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Dec. 3 (Bloomberg) -- Hedge funds grew less bullish on gold for a fourth straight week, the longest stretch since November 2012, as mounting concern that the Federal Reserve will curb monetary stimulus sent prices to a four-month low.
The net-long position in gold fell 28 percent to 31,735 futures and options in the week ended Nov. 26, the lowest since June, U.S. Commodity Futures Trading Commission data show. Short bets rose 20 percent to 74,964, the highest since July. Net- bullish wagers across 18 U.S.-traded commodities gained 11 percent to 563,786 contracts as soybean holdings climbed. Bets on a decline for wheat prices reached a record.
Gold is heading for the first annual drop in 13 years after equities rallied to the highest since 2008 and inflation failed to accelerate. Fed policy makers signaled Nov. 20 that the labor market will improve enough to warrant slowing their $85 billion of monthly bond purchases. U.S. manufacturing unexpectedly accelerated in November at the fastest pace in more than two years, a private report showed yesterday.
"With an improving economy and job market, coupled with Fed actions, gold will continue to deteriorate," Chad Morganlander, a Florham Park, New Jersey-based fund manager at Stifel Nicolaus & Co., which oversees about $150 billion of assets, said by telephone. "There’s no need for a safe haven. There’s no need to be overweight in gold."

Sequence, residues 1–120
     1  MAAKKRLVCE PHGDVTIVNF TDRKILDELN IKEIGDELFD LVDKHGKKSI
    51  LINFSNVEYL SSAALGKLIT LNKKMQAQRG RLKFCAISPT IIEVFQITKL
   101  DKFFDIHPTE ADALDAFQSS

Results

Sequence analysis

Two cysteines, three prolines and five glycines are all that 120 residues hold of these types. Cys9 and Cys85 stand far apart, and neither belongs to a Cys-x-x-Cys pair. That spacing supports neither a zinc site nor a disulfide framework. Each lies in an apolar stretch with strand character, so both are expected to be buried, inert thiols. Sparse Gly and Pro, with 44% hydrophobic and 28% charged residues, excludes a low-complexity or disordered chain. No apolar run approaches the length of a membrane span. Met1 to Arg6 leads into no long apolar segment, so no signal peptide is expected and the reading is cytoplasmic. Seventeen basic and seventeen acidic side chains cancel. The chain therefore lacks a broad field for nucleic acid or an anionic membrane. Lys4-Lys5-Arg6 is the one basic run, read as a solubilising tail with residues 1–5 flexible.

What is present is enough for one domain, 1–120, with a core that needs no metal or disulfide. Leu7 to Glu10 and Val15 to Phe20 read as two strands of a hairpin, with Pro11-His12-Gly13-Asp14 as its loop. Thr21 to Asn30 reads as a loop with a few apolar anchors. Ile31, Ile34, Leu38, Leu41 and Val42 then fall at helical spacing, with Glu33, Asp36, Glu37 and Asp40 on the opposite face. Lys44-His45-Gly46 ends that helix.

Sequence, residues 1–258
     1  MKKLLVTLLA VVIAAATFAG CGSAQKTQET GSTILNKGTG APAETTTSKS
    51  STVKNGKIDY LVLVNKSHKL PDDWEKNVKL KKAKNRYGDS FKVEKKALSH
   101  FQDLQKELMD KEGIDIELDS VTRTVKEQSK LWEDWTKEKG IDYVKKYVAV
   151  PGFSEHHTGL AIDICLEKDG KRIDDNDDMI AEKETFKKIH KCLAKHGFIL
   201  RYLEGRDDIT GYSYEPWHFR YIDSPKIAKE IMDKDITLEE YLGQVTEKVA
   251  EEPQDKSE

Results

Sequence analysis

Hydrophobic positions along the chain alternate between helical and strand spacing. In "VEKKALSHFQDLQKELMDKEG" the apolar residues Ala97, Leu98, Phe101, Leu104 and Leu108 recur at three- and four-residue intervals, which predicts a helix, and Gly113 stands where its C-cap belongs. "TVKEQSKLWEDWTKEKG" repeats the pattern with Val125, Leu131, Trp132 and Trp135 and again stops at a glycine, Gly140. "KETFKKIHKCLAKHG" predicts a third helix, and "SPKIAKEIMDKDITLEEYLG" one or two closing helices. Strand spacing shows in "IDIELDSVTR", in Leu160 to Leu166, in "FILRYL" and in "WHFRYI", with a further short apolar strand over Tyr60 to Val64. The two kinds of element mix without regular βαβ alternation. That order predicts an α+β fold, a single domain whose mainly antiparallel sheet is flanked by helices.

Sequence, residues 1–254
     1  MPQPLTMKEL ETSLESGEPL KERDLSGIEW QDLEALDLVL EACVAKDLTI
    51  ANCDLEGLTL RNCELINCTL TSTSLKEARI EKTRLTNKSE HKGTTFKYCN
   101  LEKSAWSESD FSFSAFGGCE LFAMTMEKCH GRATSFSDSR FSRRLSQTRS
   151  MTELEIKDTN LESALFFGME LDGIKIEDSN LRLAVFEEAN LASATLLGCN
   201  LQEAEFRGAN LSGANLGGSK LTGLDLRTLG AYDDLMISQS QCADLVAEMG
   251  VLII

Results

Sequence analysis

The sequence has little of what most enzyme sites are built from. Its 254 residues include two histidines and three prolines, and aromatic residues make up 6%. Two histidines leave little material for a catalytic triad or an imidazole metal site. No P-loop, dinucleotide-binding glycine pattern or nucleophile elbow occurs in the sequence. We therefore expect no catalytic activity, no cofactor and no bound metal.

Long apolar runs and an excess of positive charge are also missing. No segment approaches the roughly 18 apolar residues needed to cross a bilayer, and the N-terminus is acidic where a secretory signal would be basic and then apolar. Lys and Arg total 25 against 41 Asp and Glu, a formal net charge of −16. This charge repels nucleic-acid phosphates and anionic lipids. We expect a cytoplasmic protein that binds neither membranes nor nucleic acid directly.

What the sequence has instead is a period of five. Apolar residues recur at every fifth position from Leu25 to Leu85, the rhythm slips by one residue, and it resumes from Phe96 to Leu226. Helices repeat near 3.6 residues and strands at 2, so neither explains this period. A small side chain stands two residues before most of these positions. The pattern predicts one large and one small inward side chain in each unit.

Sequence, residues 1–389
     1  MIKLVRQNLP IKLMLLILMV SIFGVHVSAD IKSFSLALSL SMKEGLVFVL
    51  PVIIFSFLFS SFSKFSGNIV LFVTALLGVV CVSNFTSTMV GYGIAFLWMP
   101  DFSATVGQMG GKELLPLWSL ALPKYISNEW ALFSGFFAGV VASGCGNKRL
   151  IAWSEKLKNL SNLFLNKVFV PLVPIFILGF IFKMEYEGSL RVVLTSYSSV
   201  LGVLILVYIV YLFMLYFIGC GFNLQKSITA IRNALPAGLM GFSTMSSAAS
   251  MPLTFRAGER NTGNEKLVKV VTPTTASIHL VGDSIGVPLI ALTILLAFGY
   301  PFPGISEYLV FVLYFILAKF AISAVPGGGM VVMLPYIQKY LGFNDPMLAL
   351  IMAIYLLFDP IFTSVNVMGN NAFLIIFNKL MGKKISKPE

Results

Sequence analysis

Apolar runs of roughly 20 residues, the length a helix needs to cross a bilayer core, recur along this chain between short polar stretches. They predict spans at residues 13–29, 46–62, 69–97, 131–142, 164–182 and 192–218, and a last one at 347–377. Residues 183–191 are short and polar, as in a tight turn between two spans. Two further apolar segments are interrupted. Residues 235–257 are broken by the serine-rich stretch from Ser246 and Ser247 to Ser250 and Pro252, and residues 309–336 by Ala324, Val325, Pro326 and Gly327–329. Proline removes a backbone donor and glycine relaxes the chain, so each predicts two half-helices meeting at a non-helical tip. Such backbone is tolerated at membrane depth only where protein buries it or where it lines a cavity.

Futures reached $1,217.10 an ounce after the close of regular trading in New York yesterday, the lowest since July 8. Eighteen analysts surveyed by Bloomberg News expect bullion to fall this week, nine were bullish and three neutral. The metal fell 5.5 percent in November, the biggest drop since June, when prices reached a 34-month low.
Bullion tumbled 27 percent this year, heading for the biggest annual slump since 1981. The Standard & Poor’s GSCI gauge of 24 commodities dropped 3.6 percent. The MSCI All- Country World Index of equities climbed 18 percent, while the Bloomberg Dollar Index, a gauge against 10 major trading partners, rose 3.6 percent. The Bloomberg Treasury Bond Index fell 2.5 percent.
Some investors have lost faith in the metal as a store of value as prices tumbled into a bear market in April after the U.S. economic recovery gained traction.